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February 11, 1991 - Image 11

Resource type:
The Michigan Daily, 1991-02-11

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The Michigan Daily - Sports Monday - February 11, 1991 - Page 3

The controversial, yet colorful guru
comments on his life in basketball

Kendall Gill




,ABC basketball analyst Jim
Valvano coached at N.C. State for
16 years before his heated depar-
ire last year. He captured an
NCAA Championship in 1983, but
left the Wolfpack helm after an
NCAA investigation discredited the
basketball program. Daily Sports
Editor Jeff Sheran spoke with Val-
vdno about his life in basketball,
past and present.
Daily: Now that you are an ana-
lyst, do you sometimes feel you
ave to be coaching to stay in the
e, or does analyzing do it for
Valvano: I think that the 23
years of experience that I have on
the bench is what I hope I can
draw on. I try to first and foremost
explain the game, or at least what
might be going through the coach's
mind, and what the situations are,
and things of that nature. In order
do that, I still feel that in great
easure that I'm coaching in a
sense, and I still prepare as if I
wore a coach. I go to practice, I
witch game films, and I try to talk
to the coach and the players and
see what their thoughts are. The
only difference is, I don't win or
lose anymore.
D: Is that in a sense better that
cu are able to second guess with-
t feeling the repercussions of
V: (Laughter) I try hard not to
second guess. I try to just explain
th; options that are available and
what a coach might be thinking. I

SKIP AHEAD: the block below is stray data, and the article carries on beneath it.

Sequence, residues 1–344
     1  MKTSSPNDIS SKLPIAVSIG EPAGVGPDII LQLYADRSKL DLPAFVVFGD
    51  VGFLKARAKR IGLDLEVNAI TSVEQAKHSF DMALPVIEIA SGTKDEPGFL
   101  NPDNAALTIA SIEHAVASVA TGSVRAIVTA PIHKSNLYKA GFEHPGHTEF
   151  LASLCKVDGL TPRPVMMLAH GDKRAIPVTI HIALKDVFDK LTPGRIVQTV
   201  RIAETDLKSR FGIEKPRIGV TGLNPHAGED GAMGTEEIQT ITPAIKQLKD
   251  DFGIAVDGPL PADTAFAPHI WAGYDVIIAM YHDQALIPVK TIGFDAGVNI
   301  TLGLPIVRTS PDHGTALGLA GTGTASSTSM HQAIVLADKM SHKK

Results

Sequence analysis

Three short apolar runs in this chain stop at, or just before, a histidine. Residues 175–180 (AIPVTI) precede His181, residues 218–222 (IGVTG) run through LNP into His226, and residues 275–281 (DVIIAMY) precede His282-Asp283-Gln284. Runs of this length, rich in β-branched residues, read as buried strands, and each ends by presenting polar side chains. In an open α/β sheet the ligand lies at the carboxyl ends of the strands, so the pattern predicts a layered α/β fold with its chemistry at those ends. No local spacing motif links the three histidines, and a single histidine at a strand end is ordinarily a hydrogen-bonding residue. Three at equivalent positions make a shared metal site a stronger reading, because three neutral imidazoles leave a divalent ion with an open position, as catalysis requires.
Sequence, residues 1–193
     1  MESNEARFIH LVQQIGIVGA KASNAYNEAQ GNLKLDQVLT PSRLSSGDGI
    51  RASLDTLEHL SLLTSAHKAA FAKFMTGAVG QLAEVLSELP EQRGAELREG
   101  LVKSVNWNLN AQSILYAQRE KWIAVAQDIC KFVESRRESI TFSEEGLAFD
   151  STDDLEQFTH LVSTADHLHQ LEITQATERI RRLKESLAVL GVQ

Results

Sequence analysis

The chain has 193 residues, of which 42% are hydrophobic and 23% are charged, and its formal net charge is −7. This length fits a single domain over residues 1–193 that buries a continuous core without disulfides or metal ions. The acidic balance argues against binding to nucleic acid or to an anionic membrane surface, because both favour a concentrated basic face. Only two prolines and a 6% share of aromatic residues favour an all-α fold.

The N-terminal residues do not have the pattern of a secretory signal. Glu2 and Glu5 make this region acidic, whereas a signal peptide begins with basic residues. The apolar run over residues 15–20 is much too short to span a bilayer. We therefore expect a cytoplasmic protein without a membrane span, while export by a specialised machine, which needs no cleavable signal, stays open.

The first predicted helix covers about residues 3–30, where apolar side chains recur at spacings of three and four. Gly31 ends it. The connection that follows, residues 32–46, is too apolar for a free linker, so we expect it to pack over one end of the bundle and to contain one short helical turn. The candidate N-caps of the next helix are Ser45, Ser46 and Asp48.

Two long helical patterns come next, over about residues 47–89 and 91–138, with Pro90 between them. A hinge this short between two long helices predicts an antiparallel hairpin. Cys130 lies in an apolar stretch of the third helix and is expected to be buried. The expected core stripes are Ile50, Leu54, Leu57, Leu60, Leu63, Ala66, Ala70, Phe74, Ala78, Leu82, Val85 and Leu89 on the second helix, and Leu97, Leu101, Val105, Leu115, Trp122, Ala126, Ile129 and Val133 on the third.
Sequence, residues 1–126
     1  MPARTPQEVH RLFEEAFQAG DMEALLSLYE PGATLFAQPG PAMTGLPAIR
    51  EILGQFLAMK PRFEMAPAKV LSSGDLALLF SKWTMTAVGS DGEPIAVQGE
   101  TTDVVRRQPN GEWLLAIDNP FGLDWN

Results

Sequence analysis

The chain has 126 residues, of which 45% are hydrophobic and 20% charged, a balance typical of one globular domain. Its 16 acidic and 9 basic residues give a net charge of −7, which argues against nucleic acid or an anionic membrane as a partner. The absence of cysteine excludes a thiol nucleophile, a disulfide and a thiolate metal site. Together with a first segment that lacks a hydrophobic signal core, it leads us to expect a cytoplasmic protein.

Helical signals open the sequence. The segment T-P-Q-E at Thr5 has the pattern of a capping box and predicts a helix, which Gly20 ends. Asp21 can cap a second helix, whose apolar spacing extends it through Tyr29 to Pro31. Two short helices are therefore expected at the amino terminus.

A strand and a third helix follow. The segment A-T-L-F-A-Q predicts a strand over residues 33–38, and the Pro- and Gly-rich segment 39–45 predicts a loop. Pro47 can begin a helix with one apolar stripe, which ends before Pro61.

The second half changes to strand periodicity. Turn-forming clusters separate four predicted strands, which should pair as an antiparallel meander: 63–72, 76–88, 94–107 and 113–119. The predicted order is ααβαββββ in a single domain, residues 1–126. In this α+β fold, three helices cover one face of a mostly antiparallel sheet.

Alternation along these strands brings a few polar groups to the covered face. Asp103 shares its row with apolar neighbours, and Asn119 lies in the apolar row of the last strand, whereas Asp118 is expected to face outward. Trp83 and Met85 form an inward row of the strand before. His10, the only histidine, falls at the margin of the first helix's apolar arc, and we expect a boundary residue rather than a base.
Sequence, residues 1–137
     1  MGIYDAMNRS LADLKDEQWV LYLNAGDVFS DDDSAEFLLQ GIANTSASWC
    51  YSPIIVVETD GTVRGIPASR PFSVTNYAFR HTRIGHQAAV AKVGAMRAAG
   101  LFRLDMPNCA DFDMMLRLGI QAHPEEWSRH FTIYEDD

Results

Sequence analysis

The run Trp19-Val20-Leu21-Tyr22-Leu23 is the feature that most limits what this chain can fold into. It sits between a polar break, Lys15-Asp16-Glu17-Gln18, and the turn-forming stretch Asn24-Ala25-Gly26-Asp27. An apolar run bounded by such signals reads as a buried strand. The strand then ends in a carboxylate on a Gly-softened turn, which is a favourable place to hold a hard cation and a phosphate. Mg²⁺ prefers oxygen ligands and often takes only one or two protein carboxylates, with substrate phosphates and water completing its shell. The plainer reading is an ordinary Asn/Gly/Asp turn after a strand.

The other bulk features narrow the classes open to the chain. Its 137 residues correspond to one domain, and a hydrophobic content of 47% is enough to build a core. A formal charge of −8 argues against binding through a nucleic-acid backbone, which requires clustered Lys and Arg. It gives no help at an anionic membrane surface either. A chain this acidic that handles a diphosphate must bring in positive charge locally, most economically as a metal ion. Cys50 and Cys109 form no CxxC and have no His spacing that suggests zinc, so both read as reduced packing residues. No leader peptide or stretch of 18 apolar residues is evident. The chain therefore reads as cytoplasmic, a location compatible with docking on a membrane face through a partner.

just try to explain what is going
through a coach's mind as opposed
to second guessing. Afterwards, we
just look at why something
wrked, or why it didn't work.
D: I would like to talk a little
about your departure from coach-
V: Sure.
D: You left N.C. State under
same heated circumstances. What
are your feelings about leaving? I
guess you could run the gamut of
emotions - maybe a little embit-
tered, maybe remorseful. Are you
*lad to be out of Raleigh?
V: None of the above that you
said is true. I am not a bitter per-
son. This is a very unfulfilling, un-
rewarding, and unproductive emo-
tion. Certainly, it wasn't under the
circumstances I would have pre-
ferred. But when I look back over
the ten years I was there, I really
liad eight and a half wonderful
years. I served the University not
Only as the basketball coach, but
also as the athletic director. I have
two children that still go to N.C.
State. I have many, many friends
still there, and I still live in Cary,
which is right outside of Raleigh.
There were many disappoint-
ments, but the one which is the